And there are more people yet to die, too.
At a memorial for her dead mother, Janey (Nell Tiger Free) slips out for an illegal drink. She heads back over to a gallery, where her father Theo (William Baldwin) has managed to suppress his icky coke drip sniff long enough to give a speech about his wife, all while stroking his ego. Theo’s taking his wife’s art around to pimp it out in her absence. His daughter’s having a harder time dealing with the loss.
Martin’s following Viggo, who’s grabbing stashed cash and maybe a few weapons. The one-eyed man is off to another location. He parks and soon Diana gets in the backseat. She takes the money he brought. “The Sun is in Capricorn,” she tells him. They have no clue Martin’s documenting their meeting. Turns out Diana is a “victim‘s advocate” with the Los Angeles D.A in the Violent Crime Division.
It’s all connected.
So Martin drops by Diana’s office. She counselled the family of Thomas’s victim(s). He asks about her relationship to Viggo— he’s a client from her healing practice in “energy work.” Martin calls bullshit when she claims not to have seen the man lately. Diana plays it cool. She claims Viggo is “capable of greatness.” She doesn’t tell the detective she’s in love with her one-eyed companion.
“This unconscious psyche, common to all mankind,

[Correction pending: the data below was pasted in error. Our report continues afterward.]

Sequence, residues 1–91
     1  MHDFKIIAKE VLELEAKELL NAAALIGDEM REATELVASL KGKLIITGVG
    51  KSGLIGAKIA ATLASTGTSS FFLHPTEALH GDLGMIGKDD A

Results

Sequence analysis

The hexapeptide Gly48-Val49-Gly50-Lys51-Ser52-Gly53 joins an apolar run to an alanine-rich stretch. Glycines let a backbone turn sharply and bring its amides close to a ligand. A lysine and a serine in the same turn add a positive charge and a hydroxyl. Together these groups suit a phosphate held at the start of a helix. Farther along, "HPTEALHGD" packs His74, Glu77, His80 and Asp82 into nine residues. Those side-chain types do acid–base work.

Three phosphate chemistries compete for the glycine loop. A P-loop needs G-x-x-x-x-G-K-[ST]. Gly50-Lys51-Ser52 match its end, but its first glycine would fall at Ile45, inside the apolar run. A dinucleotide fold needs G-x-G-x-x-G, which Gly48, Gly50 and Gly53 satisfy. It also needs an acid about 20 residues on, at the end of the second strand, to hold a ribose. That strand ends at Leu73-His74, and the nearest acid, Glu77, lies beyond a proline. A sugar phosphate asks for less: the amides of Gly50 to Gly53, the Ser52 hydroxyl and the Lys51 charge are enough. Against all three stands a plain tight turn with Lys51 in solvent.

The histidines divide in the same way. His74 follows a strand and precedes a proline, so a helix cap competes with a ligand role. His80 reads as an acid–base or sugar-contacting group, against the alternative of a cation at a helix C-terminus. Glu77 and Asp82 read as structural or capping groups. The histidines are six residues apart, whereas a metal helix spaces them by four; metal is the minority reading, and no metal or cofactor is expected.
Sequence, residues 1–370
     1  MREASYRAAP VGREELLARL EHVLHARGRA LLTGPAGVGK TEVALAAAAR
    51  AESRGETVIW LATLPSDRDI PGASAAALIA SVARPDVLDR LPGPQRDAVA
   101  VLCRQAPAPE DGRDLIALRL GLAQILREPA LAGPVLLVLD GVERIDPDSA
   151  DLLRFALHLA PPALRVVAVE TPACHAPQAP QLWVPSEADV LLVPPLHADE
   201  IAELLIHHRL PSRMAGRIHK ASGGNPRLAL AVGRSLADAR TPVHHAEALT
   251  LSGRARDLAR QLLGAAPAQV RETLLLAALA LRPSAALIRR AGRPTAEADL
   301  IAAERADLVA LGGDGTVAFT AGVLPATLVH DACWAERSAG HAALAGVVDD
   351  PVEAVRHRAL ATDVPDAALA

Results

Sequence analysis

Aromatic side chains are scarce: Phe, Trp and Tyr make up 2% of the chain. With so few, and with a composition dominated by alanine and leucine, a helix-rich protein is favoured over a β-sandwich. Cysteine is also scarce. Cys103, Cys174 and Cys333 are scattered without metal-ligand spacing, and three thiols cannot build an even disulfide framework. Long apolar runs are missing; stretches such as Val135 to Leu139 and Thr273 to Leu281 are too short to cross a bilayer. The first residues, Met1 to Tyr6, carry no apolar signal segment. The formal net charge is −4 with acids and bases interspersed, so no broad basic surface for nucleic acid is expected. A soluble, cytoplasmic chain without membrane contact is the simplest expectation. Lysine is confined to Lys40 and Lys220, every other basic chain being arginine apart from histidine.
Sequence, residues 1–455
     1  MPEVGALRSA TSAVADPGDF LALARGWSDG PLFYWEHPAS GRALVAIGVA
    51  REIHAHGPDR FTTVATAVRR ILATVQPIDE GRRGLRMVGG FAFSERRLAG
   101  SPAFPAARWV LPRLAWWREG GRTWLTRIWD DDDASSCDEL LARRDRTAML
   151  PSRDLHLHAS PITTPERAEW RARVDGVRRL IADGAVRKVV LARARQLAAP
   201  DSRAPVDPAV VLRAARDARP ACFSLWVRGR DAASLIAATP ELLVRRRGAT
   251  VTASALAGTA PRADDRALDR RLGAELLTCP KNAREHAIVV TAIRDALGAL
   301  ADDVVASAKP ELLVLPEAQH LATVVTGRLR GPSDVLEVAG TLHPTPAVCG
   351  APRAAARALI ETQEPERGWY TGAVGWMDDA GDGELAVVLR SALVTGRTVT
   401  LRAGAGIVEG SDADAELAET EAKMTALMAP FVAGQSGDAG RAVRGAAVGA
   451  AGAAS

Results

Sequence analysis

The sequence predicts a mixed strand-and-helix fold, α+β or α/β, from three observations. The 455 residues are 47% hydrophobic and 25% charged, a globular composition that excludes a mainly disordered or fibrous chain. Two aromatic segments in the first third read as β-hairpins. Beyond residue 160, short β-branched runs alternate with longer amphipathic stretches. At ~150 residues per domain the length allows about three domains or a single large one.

does not consist merely of contents
capable of becoming conscious,
but of latent dispositions towards
certain identical reactions.”
— Carl Jung
(Commentary on the Secret of the Golden Flower)
Martin has to check in with his new boss. He meets Damian (Babs Olusanmokun) in an unassuming parking lot— the gangster’s texting with his daughter on her first phone, and he has the detective take a pic for him. An absolutely hilarious moment slipped in between the grim realities of this nightmarish Los Angeles landscape.
After that, Martin’s given a new task.
Dt. Jones heads to the home of a woman he has to kill.
Inside, he prepares a syringe he was given. He sneaks up on the woman while she’s watching TV— she looks to be watching The Nest of the Cuckoo Birds, as you can hear “Instrumental Collage” by Peggy Williams playing. He puts her down quietly, and he’s gone in the night like a shadow. Not before seeing children asleep in another room.
Viggo is confronted by Dt. Jones. They meet at a diner. The detective comes clean about killing the woman, surprising Viggo. He says he felt nothing, even after he saw the kids. He’s curious if the one-eyed man only kills paedophiles, if there’s a code.
Is he about to descend further into the underworld of LA crime? Is he on a journey to becoming more than a criminal hitman, like an assassin, or a samurai? Will Viggo teach him, passing on the trade of death from a dying man to a younger one? Just as the cartel world changes in Mexico, the old giving way to the new, so is the American landscape changing from past to present.
“You ride horses, too?”
Amazing. Father Gore’s been sold since the start. It only continues to get more interesting, weird, and surreal at times. There are many mysteries, little pieces to latch onto, theories to dig out from the material. This is why Refn’s work is always so intriguing, for those who truly love it— there’s so much below the surface.
Volume 4: “The Tower” is next.